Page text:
Don't Skip Breakfast — Eating 3 Meals a Day May Lead to Healthier Food Choices
The age-old advice to eat "three square meals a day" may be right, according to new expert recommendations.
How often should you be eating? This age-old question was addressed by the dietary guidelines committee report that was released mid-July. Turns out, three meals is better than two, and we break down what that means for your health.
The Dietary Guidelines for Americans are revised every five years, and 2020 marks a new revision. Prior to the release, an extensive scientific review committee is charged with evaluating research on topics new and old and making recommendations for what the guidelines will include. This time, the committee weighed in on meal frequency and how often you should eat. Here’s what they suggest.
The 2015-2020 Dietary Guidelines for Americans don’t recommend a specific number of meals and snacks per day. Rather, they discuss eating patterns including a typical American eating pattern, vegetarian eating pattern and Mediterranean eating pattern. The idea is that everyone can eat a healthy diet even if they choose to eat different types of foods. The trick is to choose a variety of healthy foods from each food group including starches, low and nonfat dairy, lean meat, fruits, vegetables and healthy oils.
How Frequently Should You Be Eating?
Although the current guidelines talk about types of foods and how much to eat, how frequently you eat is also an important factor. The research shows that on average, Americans report 5.7 eating occasions per day with most frequent consumption at noon and in the evening.
In addition, research shows that 64% of the American population report eating three meals per day verses 28% of Americans who eat only two meals per day. Compared to those who ate two meals per day, those who ate three meals per day had a better quality diet.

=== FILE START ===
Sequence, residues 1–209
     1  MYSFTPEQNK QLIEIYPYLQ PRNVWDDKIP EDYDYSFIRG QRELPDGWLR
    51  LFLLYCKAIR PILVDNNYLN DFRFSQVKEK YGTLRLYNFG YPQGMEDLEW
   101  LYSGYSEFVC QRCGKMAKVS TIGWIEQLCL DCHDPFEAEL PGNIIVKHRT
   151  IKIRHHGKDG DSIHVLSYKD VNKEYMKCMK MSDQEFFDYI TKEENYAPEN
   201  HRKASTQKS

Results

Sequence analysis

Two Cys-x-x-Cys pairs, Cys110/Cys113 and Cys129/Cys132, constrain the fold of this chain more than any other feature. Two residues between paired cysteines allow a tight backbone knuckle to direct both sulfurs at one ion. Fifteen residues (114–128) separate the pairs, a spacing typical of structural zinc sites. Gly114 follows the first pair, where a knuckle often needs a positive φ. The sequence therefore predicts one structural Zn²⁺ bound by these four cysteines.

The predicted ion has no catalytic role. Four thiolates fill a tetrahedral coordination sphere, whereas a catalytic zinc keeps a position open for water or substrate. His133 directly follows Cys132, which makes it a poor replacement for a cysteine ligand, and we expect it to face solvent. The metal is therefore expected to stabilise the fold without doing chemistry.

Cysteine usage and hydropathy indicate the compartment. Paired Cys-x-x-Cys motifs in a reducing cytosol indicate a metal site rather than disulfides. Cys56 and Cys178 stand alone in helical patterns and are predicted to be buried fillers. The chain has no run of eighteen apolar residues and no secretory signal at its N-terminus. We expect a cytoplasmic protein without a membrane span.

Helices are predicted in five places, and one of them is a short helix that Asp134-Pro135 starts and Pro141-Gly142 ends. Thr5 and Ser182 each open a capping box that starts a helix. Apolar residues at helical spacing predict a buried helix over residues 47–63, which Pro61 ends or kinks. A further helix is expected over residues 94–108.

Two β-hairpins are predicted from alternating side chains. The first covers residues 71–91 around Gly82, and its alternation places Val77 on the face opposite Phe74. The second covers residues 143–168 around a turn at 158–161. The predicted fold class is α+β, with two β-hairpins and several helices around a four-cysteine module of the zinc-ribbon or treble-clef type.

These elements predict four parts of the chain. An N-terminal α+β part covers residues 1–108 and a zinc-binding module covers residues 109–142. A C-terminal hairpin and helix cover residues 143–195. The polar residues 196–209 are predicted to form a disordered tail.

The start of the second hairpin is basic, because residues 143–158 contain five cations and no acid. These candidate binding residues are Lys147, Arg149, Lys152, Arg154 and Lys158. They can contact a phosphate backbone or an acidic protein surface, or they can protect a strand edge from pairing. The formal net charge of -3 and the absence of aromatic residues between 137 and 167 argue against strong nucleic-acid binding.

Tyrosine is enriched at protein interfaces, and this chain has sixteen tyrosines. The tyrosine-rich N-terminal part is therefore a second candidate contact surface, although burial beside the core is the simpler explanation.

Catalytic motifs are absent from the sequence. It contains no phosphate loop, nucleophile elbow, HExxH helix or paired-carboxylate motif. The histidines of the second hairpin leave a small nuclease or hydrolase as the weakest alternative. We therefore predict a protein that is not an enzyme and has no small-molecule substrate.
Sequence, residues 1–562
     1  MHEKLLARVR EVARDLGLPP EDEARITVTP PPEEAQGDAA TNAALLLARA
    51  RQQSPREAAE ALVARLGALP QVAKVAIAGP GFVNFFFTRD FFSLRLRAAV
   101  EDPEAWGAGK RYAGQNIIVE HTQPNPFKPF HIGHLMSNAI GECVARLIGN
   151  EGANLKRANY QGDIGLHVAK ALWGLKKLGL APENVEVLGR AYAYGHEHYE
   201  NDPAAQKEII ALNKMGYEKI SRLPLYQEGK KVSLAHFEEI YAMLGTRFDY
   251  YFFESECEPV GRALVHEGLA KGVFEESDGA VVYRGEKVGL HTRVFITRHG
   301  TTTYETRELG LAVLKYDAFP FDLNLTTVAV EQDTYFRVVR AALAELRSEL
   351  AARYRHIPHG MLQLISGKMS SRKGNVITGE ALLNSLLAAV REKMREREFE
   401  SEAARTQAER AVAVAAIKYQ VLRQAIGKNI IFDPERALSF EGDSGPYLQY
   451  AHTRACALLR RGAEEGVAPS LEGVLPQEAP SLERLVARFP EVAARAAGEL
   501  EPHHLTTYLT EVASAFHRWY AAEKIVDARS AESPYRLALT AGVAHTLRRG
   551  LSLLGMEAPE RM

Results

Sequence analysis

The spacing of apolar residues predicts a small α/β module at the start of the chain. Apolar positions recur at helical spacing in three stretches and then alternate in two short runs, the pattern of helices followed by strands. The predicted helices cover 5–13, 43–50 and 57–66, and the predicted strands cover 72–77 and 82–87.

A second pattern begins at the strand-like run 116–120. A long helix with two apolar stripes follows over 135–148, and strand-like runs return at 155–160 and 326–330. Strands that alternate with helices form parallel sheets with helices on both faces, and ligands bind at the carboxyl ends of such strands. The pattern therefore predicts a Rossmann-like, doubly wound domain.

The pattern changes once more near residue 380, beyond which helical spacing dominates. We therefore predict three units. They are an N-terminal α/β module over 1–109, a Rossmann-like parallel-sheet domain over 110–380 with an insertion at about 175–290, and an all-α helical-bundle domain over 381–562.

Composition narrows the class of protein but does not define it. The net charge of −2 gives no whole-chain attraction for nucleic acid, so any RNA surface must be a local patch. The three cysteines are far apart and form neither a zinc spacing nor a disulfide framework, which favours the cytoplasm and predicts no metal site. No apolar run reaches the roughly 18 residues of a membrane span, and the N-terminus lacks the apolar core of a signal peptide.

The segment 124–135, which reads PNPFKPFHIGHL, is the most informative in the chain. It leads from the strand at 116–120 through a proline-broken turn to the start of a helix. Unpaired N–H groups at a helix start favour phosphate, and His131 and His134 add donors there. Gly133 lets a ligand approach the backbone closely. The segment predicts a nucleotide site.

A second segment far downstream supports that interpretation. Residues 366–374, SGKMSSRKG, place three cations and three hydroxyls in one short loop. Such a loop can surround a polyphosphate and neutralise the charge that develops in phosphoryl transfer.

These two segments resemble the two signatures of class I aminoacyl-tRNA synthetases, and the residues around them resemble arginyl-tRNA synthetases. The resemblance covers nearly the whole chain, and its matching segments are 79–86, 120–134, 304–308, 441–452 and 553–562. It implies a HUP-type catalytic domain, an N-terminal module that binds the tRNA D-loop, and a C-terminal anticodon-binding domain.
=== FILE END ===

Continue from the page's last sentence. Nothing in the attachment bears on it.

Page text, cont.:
And what about those late night snacks? Research found that 93% of Americans snack (2 to 3 snacks per day, on average). Late night eating tends to include alcohol, added sugar, sodium and saturated fats. These are the nutrients and foods that should be consumed in moderation.
And what about something like intermittent fasting that limits the time meals are consumed? This can mean that fewer nutrients can be consumed in that smaller time frame. However, this diet is not directly addressed by the committee.
At the end of the day, the committee really didn’t have sufficient evidence to back up how frequently meals should be consumed. They did conclude that you can eat a healthy diet by having a variety of meal frequencies which can depend on cultural practices. Limiting snacks, especially evening snacks, can help reduce several nutrients that Americans do get too much of (added sugar, saturated fat, and sodium). Meal frequency is a topic never before discussed in the final version of the dietary guidelines, so we can see if they actually make it into the official guidelines.
Toby Amidor, MS, RD, CDN, is a registered dietitian and consultant who specializes in food safety and culinary nutrition. She is the author of The Greek Yogurt Kitchen: More Than 130 Delicious, Healthy Recipes for Every Meal of the Day.
*This article was written and/or reviewed by an independent registered dietitian nutritionist.